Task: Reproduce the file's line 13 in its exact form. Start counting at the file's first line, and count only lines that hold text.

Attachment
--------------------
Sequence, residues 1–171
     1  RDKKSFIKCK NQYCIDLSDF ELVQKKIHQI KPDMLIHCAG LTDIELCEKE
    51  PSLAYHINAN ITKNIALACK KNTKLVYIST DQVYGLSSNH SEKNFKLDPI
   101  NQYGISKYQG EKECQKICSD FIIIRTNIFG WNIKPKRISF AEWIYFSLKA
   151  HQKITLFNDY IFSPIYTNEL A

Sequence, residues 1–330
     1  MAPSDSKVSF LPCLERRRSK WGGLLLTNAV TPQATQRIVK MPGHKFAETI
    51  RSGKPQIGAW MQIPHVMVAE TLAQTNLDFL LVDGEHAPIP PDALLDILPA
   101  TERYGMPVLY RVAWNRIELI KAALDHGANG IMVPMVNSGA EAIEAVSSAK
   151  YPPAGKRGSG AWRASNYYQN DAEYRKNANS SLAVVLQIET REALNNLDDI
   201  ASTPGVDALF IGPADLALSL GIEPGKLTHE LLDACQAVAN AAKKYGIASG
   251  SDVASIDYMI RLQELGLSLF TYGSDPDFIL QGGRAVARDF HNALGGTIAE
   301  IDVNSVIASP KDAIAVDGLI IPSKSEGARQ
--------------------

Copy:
   301  IDVNSVIASP KDAIAVDGLI IPSKSEGARQ